I’m back from my venture-funded hiatus, and I’m currently mulling over the impending “bankruptcy” of my events list — and also deciding which of the things I’ve read over the past few months are worth sharing here.
Here’s a start. I bought the new New Directions edition of B. S. Johnson’s The Unfortunates a couple weeks ago and I’m slowly making my very enjoyable way through it. (Caustic Cover Critic has some good photos here.)
As you may know, this is the famous 1969 novel that consists of 27 unbound chapters, sorted randomly and packaged in a box. More precisely, as the author says in a note that accompanies the book:
This novel has twenty-seven sections, temporarily held together by a removable wrapper.
Apart from the first and last sections (which are marked as such) the other twenty-five sections are intended to be read in random order.
If readers prefer not to accept the random order in which they receive the novel, then they may re-arrange the sections into any other random order before reading.
One more thing to know – the chapters are each numbered uniquely starting with 1.
I decided to re-order the sections, but just a few moments before shuffling them I had a thought: once I shuffle these chapters, I will no longer be able to restore the original random order of the sections as they were ordered by the author. Why would I want do that? Well, I don’t know – maybe I’d like to read that original order after I read my re-ordered version. At any rate, I realized I was just moments away from losing that original order forever (short of buying a second copy).
So I took a pencil and marked the chapters from 1 to 27 to reflect the original random order.
Then I shuffled away and began to read.
But as soon as I did, I had a second thought – if these chapters ever fall out of order, how would I recreate the book I am now reading? So I realized that I needed to number the chapters a second time – to reflect my own random order.
Anyhow, just thought I’d let you know, so you don’t lose your original or personal versions of The Unfortunates.
A final word: in Jonathan Coe’s 1999 forward to the book, he notes that when the book was published in Hungary, the publisher couldn’t afford the added expense of creating an unbound volume. And so Johnson added an extra element to his book, which he explained in an introduction:
Another device has occurred to me which goes some little way towards achieving an effect simular to that of the English edition. Each of the twenty-five sections in between those labelled First and Last has a symbol printed at its head. And on the last page, all the symbols so used are printed again, but together. The really interested Hungarian reader is invited to remove the last page (or, of he has been brought up never to defile a book, to trace of copy it in some way) and to cut up and therefore separate the twenty-five symbols. He or she should then place these symbols in a suitable recepticle, shake them vigorously to ensure they are thoroughly mixed, and then, with the eyes closed, draw them out one after another. The symbols should then be numbered one to twenty-five in the order they came out. The receptacle employed is a matter left to the reader: a hat is traditionally used for such drawing of lots in England, though please understand that I would hope that no headgear of a military character might be employed for so literary a purpose. Many items commonly in domestic use and therefore conveniently to hand suggest themselves: bowls, saucepans, eggboxes, wastebins, cups even; and do not think I would be offended if you selected that old-fashioned, still-to-be-found piece known in English as a po, jerry, or pisspot.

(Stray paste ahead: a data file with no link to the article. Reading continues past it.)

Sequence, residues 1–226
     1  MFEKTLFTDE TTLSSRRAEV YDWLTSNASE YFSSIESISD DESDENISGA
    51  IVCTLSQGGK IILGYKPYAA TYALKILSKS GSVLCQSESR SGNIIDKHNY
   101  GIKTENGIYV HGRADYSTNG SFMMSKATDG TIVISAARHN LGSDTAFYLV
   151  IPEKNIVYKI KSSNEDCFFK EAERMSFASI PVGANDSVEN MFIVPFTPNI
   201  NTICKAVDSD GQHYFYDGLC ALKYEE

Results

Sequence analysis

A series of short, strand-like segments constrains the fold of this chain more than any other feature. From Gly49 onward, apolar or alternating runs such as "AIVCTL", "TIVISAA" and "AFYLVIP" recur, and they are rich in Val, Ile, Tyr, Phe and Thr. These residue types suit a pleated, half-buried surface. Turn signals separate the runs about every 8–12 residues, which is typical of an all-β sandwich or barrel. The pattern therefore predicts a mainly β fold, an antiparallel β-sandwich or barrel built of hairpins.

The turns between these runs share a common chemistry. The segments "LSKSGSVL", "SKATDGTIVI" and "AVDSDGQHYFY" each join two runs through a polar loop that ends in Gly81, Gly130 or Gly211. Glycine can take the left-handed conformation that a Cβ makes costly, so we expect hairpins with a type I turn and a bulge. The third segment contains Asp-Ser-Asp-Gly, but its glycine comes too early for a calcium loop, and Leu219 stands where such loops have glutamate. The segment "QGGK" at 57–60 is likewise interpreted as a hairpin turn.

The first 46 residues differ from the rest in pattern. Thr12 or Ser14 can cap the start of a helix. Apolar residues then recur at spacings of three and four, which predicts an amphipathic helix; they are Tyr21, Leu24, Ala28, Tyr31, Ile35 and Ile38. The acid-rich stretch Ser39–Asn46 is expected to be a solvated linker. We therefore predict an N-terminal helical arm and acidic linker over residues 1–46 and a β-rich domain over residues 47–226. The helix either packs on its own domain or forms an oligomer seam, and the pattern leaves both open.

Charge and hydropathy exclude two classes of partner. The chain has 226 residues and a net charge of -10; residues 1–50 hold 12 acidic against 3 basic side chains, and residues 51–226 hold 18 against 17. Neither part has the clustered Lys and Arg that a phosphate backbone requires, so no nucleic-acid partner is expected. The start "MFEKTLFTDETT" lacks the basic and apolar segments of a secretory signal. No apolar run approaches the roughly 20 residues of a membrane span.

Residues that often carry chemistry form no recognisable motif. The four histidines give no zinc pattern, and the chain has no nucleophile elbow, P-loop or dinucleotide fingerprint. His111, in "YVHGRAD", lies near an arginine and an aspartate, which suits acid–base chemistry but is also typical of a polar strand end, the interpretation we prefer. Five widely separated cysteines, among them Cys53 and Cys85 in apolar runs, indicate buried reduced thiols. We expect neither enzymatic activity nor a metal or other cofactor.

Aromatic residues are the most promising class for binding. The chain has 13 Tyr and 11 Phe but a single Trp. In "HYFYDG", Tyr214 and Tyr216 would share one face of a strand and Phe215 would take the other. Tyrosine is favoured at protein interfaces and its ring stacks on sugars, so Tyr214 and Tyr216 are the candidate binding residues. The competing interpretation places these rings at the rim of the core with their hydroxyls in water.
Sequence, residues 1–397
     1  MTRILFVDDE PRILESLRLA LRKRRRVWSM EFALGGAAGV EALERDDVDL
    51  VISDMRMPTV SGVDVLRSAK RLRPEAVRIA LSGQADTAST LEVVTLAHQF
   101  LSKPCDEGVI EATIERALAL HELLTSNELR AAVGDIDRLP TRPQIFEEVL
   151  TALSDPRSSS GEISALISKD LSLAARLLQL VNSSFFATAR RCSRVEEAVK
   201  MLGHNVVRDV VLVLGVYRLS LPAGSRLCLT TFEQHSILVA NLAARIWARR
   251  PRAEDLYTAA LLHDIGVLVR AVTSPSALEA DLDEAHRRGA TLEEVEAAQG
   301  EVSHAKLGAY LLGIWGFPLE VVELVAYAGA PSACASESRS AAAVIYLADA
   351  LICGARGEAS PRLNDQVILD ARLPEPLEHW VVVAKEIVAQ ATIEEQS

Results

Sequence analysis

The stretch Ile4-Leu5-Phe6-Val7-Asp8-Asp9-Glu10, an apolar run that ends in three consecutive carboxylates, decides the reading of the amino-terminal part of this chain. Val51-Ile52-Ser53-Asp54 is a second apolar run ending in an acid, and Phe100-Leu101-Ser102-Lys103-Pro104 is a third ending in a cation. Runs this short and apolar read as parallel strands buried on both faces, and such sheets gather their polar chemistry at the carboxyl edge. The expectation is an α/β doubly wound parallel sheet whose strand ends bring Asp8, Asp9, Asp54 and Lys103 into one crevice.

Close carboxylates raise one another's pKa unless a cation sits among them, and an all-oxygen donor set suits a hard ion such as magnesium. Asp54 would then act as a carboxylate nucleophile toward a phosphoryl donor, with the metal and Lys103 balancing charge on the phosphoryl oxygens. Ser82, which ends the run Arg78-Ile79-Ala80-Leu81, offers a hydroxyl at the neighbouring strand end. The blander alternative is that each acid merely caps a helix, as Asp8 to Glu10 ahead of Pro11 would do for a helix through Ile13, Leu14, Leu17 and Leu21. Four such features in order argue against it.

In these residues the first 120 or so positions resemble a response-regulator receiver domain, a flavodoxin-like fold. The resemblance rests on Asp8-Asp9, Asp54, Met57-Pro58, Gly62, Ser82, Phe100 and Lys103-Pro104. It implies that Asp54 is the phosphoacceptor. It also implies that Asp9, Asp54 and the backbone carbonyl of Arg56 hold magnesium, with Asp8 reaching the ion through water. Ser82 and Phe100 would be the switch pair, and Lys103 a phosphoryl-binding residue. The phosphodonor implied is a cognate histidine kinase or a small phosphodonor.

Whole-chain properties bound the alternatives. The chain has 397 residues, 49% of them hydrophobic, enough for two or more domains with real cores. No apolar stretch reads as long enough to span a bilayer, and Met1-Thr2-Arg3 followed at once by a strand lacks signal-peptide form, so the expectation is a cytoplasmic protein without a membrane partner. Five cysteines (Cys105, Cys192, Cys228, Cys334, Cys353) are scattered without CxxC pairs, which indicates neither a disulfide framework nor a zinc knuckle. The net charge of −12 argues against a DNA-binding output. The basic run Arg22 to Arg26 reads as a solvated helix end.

But whatever receptacle the reader uses from which to draw his lots, he ends up with his very own random order corresponding to the twenty-five sections of the book between First and Last. He now (or after an appropriate interval for refreshment if he is exhausted) proceeds to read the First section, and then refers to his cut-out symbols in order to identify the next section in his own order, and reads that. And so on, and so on, and so on, and so on, until number twenty-five has been identified and read, whereupon the reader can sigh with relief and read the Last section.
The procedure does, of course, involve a certain amount of clerical and administrative work on the part of the reader. But the amount is surely not excessive, and the lazy reader may of course proceed in his normal manner and accept the binder’s order. if he does choose not to join in on the fun in this way that is of course, his inalienable right; but he will, however, be missing an experience not commonly (if at all) to be had; and perhaps the point, too. Which is also his inalienable right.
What all Hungarian readers cannot help but miss is the physical feel, disintegrative, frail, of this novel in its original format; the tangible metaphor for the random way the mind works, as I have said.
I love the tone of this piece, which gives you a flavor of Johnson’s disarming directness and humor.
Now here’s the interesting part (you were looking for this, I know): at the head of each section of the New Directions edition, you’ll find what I would guess are the symbols from the Hungarian edition. Look for yourself:
Symbol-free page from the original 1969 English edition (scroll down)
Same page from the new New Directions edition.
Each section has a unique symbol. KInd of neat, huh?